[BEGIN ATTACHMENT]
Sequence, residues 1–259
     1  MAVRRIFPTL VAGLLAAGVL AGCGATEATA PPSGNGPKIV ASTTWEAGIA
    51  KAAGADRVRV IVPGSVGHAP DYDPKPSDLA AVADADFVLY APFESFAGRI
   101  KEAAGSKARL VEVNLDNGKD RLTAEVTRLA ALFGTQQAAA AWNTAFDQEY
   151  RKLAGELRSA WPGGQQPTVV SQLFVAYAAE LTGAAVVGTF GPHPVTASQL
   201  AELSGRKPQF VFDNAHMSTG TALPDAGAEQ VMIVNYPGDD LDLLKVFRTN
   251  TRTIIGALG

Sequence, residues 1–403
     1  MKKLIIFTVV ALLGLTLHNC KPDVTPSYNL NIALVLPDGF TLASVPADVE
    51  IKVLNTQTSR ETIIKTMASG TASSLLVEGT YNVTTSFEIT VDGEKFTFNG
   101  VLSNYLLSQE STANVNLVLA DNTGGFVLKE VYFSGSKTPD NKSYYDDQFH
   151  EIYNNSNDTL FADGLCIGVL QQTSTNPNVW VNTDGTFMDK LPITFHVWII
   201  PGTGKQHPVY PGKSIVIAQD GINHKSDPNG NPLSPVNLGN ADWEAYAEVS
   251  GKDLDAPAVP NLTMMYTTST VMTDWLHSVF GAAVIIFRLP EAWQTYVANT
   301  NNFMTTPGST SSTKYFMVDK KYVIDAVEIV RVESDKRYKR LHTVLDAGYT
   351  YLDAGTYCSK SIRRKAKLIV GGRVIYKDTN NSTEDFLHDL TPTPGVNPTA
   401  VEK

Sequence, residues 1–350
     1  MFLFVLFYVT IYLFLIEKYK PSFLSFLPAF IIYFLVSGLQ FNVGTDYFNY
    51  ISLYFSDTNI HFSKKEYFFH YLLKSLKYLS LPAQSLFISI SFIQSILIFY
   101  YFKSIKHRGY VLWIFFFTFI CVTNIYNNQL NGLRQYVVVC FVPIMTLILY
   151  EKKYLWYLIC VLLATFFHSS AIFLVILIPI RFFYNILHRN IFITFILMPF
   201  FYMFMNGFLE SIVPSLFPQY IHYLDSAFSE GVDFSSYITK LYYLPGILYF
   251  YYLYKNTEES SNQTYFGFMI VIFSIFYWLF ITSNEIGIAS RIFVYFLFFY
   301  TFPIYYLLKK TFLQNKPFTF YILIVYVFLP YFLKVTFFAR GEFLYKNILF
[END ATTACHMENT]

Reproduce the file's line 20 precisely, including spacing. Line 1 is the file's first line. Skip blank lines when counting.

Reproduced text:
    51  ISLYFSDTNI HFSKKEYFFH YLLKSLKYLS LPAQSLFISI SFIQSILIFY